Several companies have indicated they intend to pull advertising from Jones’ on breakfast program – which is broadcast on 2GB in Sydney and 4BC in Brisbane – following his remarks about Ms Ardern.

They include ME Bank, Snooze and Bing Lee.

“Behaviour like this don’t reflect our values here so it was an easy choice to pull advertising,” ME Bank tweeted.

Ms Ardern herself brushed off Jones’ comments, while Mr Morrison said he had gone too far.

“I find that very disappointing and of course that’s way out of line,” he told reporters on Thursday.


It comes less than a week after Nine Entertainment offered to take full ownership of Macquarie, which owns 2GB, 4BC and 3AW in Melbourne.

2. Peaceful Hong Kong protest attended by 2 million.

Hong Kong’s streets turned into rivers of umbrellas as hundreds of thousands of people marched through heavy rain down a major road in the Chinese territory.

Organisers say at least 1.7 million participated.

The assembly was peaceful, with no reports of violence, making for a rare calm weekend in 11 weeks of protests that have been marked by violent clashes with police.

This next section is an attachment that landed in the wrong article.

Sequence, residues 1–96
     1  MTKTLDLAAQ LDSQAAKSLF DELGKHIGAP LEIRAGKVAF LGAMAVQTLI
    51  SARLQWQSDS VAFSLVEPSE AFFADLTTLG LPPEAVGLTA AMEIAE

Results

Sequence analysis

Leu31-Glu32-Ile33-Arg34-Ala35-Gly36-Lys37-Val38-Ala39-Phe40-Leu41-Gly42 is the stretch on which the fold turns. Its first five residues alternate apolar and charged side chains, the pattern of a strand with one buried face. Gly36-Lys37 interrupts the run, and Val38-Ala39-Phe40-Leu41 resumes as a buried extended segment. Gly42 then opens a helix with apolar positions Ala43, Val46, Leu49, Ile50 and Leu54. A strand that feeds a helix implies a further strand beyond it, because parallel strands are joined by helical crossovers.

Law enforcement officers kept a low profile on Sunday, with no riot police seen from the procession’s main routes. When stragglers convened outside a government complex in the late evening, other protesters urged them to go home.

“We hope that there will not be any chaotic situations today,” organiser Bonnie Leung said earlier in the day. “We hope we can show the world that Hong Kong people can be totally peaceful.”

Her group, the Civil Human Rights Front, had organised three previous massive marches in Hong Kong since June but the movement has been increasingly marked by clashes with police as demonstrators vent their frustrations over what they perceive to be the government’s refusal to respond to their demands.